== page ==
Are Republicans Starting to Change Position on Same-Sex Marriage? Some Supporters Think So
March 27, 2014
by Jim Antle
“A 55 percent majority support marriage equality,” states a report accompanying a TargetPoint-GQRR [Greenberg Quinlan Rosner Research] poll. “While young people are at the vanguard of change, this survey also shows increased support among older voters, Catholics, non-college educated voters, and Republicans.”
Gay Marriage NYC, July 2011. Jose Antonio Navas, Wikimedia Commons.
The poll results were presented at a Thursday kickoff event of Americans for Marriage Equality, a bipartisan group formed with the support of the Human Rights Campaign, a major gay rights organization.
The launch coincided with the one year anniversary of the U.S. Supreme Court decision striking down California’s Proposition 8 ban on gay marriage and a portion of the federal Defense of Marriage Act.
“Rather than uniform opposition, marriage equality now splits the right, with younger conservatives disagreeing with older conservatives,” says the report, titled “Victory in Sight.”
The group Young Conservatives for the Freedom to Marry (YCFTM) went a step further. “Recent polls show record-levels of support for the freedom to marry. This surge in support is only possible due to a major shift in Republican attitudes on marriage for gay couples,” states a Wednesday YCFTM memo. “We’re witnessing more than just generational turnover; conservatives are changing their minds.”
The memo says that 230 Republican state legislators have either voted for, endorsed or voted against repealing gay marriage. The figure comes from the American Unity Fund, a nonprofit that seeks to expand Republican support for gay rights.
“Marriage equality is legal in many of the 17 states because Republicans joined up and voted for it,” the memo continues. “Without GOP state legislators and voters taking a stand, many of these wins could not have happened. Democratic and Independent support alone wouldn’t have cut it.”
The TargetPoint-GQRR poll finds that Republicans still oppose same-sex marriage by a margin of 62 percent to 33 percent. Self-described conservatives oppose gay marriage by 69 percent to 27 percent — not far from where the American people as a whole stood when Gallup began polling on this issue in 1996.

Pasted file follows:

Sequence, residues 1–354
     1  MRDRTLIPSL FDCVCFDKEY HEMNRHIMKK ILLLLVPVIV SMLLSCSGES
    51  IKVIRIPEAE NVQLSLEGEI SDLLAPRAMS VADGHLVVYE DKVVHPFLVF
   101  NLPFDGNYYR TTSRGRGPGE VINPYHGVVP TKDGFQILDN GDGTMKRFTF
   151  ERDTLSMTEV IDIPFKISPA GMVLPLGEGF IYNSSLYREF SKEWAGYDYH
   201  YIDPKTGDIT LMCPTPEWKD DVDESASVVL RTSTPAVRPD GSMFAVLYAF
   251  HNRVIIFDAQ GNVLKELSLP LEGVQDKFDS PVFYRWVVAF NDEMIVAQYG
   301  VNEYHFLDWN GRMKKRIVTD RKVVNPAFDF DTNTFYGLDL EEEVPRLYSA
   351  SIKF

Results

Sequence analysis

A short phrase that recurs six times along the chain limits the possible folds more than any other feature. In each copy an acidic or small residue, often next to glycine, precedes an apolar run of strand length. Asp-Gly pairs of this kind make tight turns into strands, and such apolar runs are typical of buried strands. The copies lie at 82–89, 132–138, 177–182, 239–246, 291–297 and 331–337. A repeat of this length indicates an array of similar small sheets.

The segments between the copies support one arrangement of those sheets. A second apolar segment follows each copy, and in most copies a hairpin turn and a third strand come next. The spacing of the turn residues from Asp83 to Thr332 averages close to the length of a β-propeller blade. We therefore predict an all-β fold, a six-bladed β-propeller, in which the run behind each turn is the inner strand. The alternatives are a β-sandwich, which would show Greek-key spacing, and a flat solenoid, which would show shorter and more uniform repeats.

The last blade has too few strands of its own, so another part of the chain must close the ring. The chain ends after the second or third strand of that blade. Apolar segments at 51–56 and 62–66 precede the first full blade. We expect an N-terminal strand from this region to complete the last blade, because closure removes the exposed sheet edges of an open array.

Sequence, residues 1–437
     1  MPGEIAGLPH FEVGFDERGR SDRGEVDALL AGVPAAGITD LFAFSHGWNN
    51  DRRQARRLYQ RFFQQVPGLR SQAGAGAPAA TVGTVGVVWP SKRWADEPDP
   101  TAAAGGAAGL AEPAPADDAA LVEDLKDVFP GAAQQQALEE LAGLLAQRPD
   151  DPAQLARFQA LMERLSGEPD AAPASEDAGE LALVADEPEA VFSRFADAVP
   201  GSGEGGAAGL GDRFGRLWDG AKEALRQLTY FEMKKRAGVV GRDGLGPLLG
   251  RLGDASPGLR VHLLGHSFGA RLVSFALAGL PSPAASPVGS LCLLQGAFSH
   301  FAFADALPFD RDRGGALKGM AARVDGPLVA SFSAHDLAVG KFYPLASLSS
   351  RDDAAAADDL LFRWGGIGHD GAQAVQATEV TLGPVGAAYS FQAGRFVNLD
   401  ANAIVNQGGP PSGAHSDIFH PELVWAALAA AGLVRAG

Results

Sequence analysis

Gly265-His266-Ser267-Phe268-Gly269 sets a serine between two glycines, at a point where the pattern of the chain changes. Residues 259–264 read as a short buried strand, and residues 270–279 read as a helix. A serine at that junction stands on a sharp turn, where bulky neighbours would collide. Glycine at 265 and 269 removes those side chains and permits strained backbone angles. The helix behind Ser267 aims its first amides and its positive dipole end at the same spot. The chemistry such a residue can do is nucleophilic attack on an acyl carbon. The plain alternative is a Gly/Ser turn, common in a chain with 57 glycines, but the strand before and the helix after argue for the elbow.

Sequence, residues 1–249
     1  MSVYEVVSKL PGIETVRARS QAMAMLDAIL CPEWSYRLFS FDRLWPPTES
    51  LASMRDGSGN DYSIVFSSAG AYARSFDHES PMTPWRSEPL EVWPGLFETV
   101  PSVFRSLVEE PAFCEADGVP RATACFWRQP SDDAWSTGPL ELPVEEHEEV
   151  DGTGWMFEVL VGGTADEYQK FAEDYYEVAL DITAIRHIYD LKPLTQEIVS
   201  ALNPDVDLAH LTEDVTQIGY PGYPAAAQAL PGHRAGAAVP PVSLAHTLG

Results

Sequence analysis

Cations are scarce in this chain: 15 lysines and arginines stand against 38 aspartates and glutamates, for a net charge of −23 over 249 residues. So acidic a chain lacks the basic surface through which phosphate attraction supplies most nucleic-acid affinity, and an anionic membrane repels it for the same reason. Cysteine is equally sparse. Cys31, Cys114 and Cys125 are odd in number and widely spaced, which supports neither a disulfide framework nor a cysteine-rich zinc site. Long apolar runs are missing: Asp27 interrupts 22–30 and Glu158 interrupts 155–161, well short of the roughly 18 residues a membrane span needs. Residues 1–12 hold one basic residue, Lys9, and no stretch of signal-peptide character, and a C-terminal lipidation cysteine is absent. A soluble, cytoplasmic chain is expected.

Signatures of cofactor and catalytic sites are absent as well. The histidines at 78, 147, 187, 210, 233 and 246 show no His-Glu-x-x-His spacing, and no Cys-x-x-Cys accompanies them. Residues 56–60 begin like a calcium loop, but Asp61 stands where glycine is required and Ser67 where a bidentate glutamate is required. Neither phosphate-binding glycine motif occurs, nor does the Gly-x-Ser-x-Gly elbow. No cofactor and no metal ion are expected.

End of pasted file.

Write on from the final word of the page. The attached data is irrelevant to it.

But the pollsters point out that this means roughly a third of right-leaning voters — including 30 percent of Republican primary voters and 31 percent of those who voted for Mitt Romney in the 2012 general election — now support same-sex marriage.
“These numbers are small,” acknowledged pollster Dave Walker of GQRR, adding they were nevertheless a big increase “from just five years ago.”
In 1996, the year Congress passed the Defense of Marriage Act with strong bipartisan majorities, Gallup found that only 27 percent of the American people supported gay marriage.
The report found much stronger support for gay marriage among conservatives and Republicans aged 30 and under. The YCFTM memo also states, “A Pew poll out this month shows for the first time that more than 60% of Republican and Republican leaners under 30 support the freedom to marry.”
The TargetPoint-GQRR poll also found significant movement among the largest Democratic voting bloc that had traditionally opposed gay marriage. In January 2011, 65 percent of blacks said they were against gay marriage while only 24 percent were in favor. Three years later, 53 percent supported same-sex marriage while 41 percent were opposed.
In May 2012, Barack Obama — the first African-American president of the United States — declared his support for gay marriage.
Brian Brown, president of the National Organization for Marriage, thinks any victory lap by same-sex marriage supporters is premature.
“NOM commissioned a nationwide survey of voters who cast ballots during the 2012 campaign. The survey was conducted by Kellyanne Conway’s firm, the polling company, on election day 2012,” Brown told The Daily Caller News Foundation. “The survey found that 60% of actual voters agreed with this statement that ‘marriage is between one man and one woman only.’”
“Virtually every demographic group agreed with the statement,” Brown continued in an email, “including 86% of Republicans, 54% of independents and even 40% of Democrats; 66% of black voters and 57% of white voters; 52% of voters in the north, 62% in the mid-west, 69% in the south and 54% in the west; and 54% of those aged 18-24, 51% of those aged 25-34, 60% of actual voters age 35-44, 63% of those 45-54, 60% of those 55-64 and 72% of those aged 65+.”
This traditional definition of marriage also remains the law in 33 states, 29 of which have state constitutional amendments limiting marriage to a man and a woman. Gay rights activists are still trying to change these laws through litigation, as well as electoral politics and persuasion, with more than 50 cases filed in 27 states.
Statistician Nate Silver predicted that even without a Supreme Court decision, gay marriage will come to all 50 states by 2024. “By 2016, only a handful of states in the Deep South would vote to ban gay marriage, with Mississippi being the last one to come around in 2024,” he wrote in 2009.